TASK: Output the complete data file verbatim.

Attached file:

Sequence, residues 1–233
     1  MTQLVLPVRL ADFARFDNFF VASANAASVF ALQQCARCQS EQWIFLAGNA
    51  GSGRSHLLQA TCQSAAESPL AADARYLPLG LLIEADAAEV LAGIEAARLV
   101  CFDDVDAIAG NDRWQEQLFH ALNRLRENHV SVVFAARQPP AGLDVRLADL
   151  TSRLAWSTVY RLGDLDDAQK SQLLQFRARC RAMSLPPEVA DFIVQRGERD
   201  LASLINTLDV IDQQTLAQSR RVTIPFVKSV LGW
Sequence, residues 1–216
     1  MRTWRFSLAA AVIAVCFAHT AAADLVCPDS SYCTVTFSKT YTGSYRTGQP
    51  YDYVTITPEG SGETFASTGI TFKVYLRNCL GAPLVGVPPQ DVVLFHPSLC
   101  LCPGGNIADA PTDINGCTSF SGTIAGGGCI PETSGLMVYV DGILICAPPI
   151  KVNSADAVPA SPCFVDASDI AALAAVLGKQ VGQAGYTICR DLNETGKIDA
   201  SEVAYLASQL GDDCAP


Sequence, residues 1–233
     1  MTQLVLPVRL ADFARFDNFF VASANAASVF ALQQCARCQS EQWIFLAGNA
    51  GSGRSHLLQA TCQSAAESPL AADARYLPLG LLIEADAAEV LAGIEAARLV
   101  CFDDVDAIAG NDRWQEQLFH ALNRLRENHV SVVFAARQPP AGLDVRLADL
   151  TSRLAWSTVY RLGDLDDAQK SQLLQFRARC RAMSLPPEVA DFIVQRGERD
   201  LASLINTLDV IDQQTLAQSR RVTIPFVKSV LGW
Sequence, residues 1–216
     1  MRTWRFSLAA AVIAVCFAHT AAADLVCPDS SYCTVTFSKT YTGSYRTGQP
    51  YDYVTITPEG SGETFASTGI TFKVYLRNCL GAPLVGVPPQ DVVLFHPSLC
   101  LCPGGNIADA PTDINGCTSF SGTIAGGGCI PETSGLMVYV DGILICAPPI
   151  KVNSADAVPA SPCFVDASDI AALAAVLGKQ VGQAGYTICR DLNETGKIDA
   201  SEVAYLASQL GDDCAP